This attractive volume in the new History in 50 series, edited by award-winning author Phillip Hoose, delivers on the promise of its title: it traces the history of civilization via natural disasters, beginning in 37,000 BCE and concluding with a disaster in the making: climate change in the twenty-first century. The scope of the book, which affords each disaster a separate, if brief, chapter, is global in nature, ranging from the Western Hemisphere (smallpox) to San Francisco (the famous earthquake), and from the Minoan civilization to the Fukushima nuclear reactors. Whether giant or (relatively) small, these calamities have in common a devastating, life-changing impact on history's ongoing evolution. Nicely illustrated with color and black-and-white photographs, the book, which invites browsing, includes quirky sidebar features (e.g., Ridiculous Tip for Starving Peasants) and concludes with generous back matter. An enjoyable and intriguing way to introduce readers reluctant and otherwise to the often troublesome history of their world.--Cart, Michael Copyright 2016 Booklist


Table of Contents

Phillip Hoose
Presenting the HISTORY IN 50 Seriesp. ix
Introductionp. xi
1 37,000 BC: Neanderthals and the Campanian Ignimbrite Eruptionp. 1
How Do Scientists Study Prehistoric Disasters?p. 3
The Youngest Toba Tuff Eruptionp. 4
Anatomically Modern Humans and Neanderthalsp. 4
2 1600 BC: Eruption at Santorini Undermines Minoan Civilizationp. 5
3 AD 64: Emperor Nero Blames Great Fire on Unpopular Cultp. 8
Anthropogenic Disastersp. 10
4 AD 79: Vesuvius Buries Pompeii and Herculaneump. 11
Carbon Dioxide from Volcanoesp. 14
5 536: The Case of the Mysterious Ashp. 15
The Mystery Eruption of 1257p. 17
6 541: Justinian's Plague Weakens the Byzantine Empirep. 18
The Decline of the Byzantine Empire after Justinianp. 20
7 1287: St. Lucia's Flood Creates a New Seap. 21
Peatp. 24
8 1315-1317: Great Famine Starves Northwestern Europep. 25
Medieval Drinking Waterp. 27
Medieval Climate Changep. 27
9 1348-1353: The Black Death Depopulates Europep. 28
The Black Death Gets Its Namep. 30
1665: Bubonic Plague Takes a Last Swipe at Londonp. 31
10 1450: Little Ice Age Empties a Viking Colonyp. 32
The Roanoke Colonyp. 34
What If the Norse Had Settled North America?p. 34
11 1507-1537: Smallpox Conquers the Western Hemispherep. 35
12 1556: Deadliest Earthquake Ever Levels Shaanxip. 38
Measuring Earthquakesp. 39
13 1600: Huaynaputina Erupts in Perup. 40
A New Response to Volcanoes: Engineeringp. 41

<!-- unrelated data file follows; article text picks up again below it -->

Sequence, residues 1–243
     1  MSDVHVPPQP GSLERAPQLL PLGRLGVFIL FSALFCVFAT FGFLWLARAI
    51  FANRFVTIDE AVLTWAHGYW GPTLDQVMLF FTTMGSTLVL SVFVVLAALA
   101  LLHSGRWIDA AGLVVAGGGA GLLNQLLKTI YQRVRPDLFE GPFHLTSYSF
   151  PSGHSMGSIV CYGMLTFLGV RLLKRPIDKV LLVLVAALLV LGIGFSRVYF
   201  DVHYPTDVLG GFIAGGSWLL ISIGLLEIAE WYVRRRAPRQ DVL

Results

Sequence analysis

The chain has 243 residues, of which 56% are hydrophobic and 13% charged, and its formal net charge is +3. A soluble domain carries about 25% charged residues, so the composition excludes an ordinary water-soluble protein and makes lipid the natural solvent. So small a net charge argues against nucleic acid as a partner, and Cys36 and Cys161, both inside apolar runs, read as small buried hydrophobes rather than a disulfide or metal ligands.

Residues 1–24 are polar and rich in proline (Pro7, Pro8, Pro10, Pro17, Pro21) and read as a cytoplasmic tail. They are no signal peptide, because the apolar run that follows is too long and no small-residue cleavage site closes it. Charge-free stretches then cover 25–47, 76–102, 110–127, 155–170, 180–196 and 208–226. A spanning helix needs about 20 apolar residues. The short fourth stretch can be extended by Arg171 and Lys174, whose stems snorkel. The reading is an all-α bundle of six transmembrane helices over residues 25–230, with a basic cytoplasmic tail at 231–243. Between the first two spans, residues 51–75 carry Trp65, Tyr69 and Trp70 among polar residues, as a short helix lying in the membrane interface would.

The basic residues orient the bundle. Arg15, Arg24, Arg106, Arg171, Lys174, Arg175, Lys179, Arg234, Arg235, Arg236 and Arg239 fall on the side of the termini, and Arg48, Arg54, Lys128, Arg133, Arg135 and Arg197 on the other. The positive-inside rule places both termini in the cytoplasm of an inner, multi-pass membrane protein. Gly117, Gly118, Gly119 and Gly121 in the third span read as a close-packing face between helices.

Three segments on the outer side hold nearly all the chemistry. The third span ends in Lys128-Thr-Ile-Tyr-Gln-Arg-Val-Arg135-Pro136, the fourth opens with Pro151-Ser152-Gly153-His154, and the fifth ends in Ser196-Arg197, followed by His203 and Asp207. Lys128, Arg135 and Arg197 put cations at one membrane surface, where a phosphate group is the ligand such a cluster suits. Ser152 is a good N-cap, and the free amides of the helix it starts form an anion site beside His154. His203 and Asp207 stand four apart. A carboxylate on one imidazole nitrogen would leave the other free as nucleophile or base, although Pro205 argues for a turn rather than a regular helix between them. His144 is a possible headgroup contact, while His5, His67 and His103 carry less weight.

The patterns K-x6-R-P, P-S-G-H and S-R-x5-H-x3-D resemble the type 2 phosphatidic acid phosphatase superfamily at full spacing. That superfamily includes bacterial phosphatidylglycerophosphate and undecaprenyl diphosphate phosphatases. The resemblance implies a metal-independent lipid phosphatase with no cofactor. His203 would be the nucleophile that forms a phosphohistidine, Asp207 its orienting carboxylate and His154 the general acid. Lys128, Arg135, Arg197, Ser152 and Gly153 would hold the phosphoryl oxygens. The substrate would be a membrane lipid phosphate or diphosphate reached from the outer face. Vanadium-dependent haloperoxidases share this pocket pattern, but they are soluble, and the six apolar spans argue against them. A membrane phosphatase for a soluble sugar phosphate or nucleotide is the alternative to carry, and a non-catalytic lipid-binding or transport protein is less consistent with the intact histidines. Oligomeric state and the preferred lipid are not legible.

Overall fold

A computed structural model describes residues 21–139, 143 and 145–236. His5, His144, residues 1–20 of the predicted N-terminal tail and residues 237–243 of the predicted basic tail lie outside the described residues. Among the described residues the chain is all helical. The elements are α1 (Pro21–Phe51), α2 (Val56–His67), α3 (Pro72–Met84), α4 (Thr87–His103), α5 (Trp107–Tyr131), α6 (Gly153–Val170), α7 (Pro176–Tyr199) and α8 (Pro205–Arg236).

14 1616-1619: Epidemic Readies Massachusetts for English Settlementp. 42
15 1666: The Great Fire of London-Papist Plot Burns Out the Plague?p. 44
16 1755: Earthquake in Lishon Shakes Europe's Philosophersp. 47
1755 Cape Ann Earthquakep. 49
17 1815: Mt. Tamhora Takes More Lives Than the Battle of Waterloop. 50
18 1817: Colonialism Helps Cholera Go Globalp. 53
Cholera Riots and the Burke and Hare Murdersp. 55
19 1845-1852: The Irish Potato Famine Sows Bitterness and Distrustp. 56
Ridiculous Tip for Starving Peasantsp. 58
20 1871: Irish Poor Blamed for Burning of Dry, Windy Chicagop. 59
Other Fires on October 8, 1871p. 61
21 1878: Yellow Fever in the American Southp. 62
22 1883: Eruption of Krakatoa Drives Scientific Advance and Colonial Discordp. 64
23 1887: The Yellow River Floodsp. 67
Conflicts of Interestp. 68
24 1899: The Honolulu Board of Health Burns Out Bubonic Plaguep. 69
Plague in San Francisco, 1900p. 71
25 1902: Mt. Pelée Buries a Cityp. 72
26 1906: San Francisco Shakes and Burnsp. 76
27 1908: Tunguska Asteroid Levels Forest in Siberiap. 79
Impact Events and the End of the Dinosaursp. 82
28 1918: Influenza Kills More Than World War Ip. 83
29 1919: The Great Molasses Flood Blamed on Anarchistsp. 85
Molasses Spill in Honolulu Harborp. 87
30 1923: Kanto Earthquake Flattens Tokyo and Yokohama; Koreans Massacredp. 88
31 1938: Unpredicted Hurricane Batters New Englandp. 90
What Makes a Storm a Disaster?p. 92
32 1952: Killer Smog Shrouds Londonp. 93
The Trouble with Burning Coalp. 95
33 1968-1985: Drought in the Sahel Starves Sub-Saharan Africap. 96
The Dust Bowl 98 El Ninop. 98
34 1970-1975: Smallpox Eradicated in Bangladeshp. 100
35 1976: Earthquake Wipes Out Chinese City of Tangshan as Mao Lies Dyingp. 102
An Ancient Seismographp. 103
36 1981: Mystery Disease, AIDS, Becomes a Dreaded Pandemicp. 105
The Venda Resist AIDS Educationp. 107
37 1984: Leak from Insecticide Factory Poisons City of Bhopalp. 108
38 1985: Nevado del Ruiz Eruption Buries Town of Armero on International TVp. 110
The 2014 Oso Mudslidep. 112
39 1986: Meltdown at Chernobyl Nuclear Facility Leaves Dead Zone in Ukrainep. 113
The Worst U.S. Nuclear Accident: Three Mile Island, Pennsylvaniap. 116
40 1993: Arsenic in Bengali Drinking Waterp. 117
The 2014 West Virginia Chemical Leakp. 119
41 1996-2014: Nigerians Resist a Polio Eradication Campaignp. 120
42 1997: Southeast Asian Hazep. 123
Restoring a Forest in Borneop. 125
43 2003: Was the Lethal European Heat Wave Caused by Climate Change?p. 127
Counting Excess Deaths in the 1995 Chicago Heat Wavep. 129
44 2004: Indonesian Earthquake and Tsunami Trigger International Relief Effortp. 130
The Hyogo Framework for Actionp. 132
45 2005: Hurricane Katrina Swamps the U.S. Gulf Coastp. 133
FEMA Trailers and Formaldehyde Poisoningp. 135
46 2010: Earthquake Meets Poverty in Port-au-Prince, Haitip. 136
The Haitian Cholera Epidemic and Donor Fatiguep. 138
47 2010: The Deepwater Horizon Oil Spill Threatens Gulf of Mexico and Atlanticp. 139
48 2011: Tohoku Earthquake and Tsunami Batter Fukushima Nuclear Reactorsp. 142
Japanese Couragep. 144
49 2014: Ebola Virus Disease (EVD) Erupts in West Africap. 145
Ebola Concerns in the United Statesp. 147
50 Disaster in the Making: Anthropogenic Climate Change in the Twenty-First Centuryp. 148
Working for International Cooperationp. 150
Could a Microbe Trigger Rapid Global Warming and Mass Extinctions?p. 150
Conclusionp. 151
Glossaryp. 153
Sources and Additional Resourcesp. 159
Endnotesp. 195
Indexp. 215
Author and Series Editor Biographiesp. 223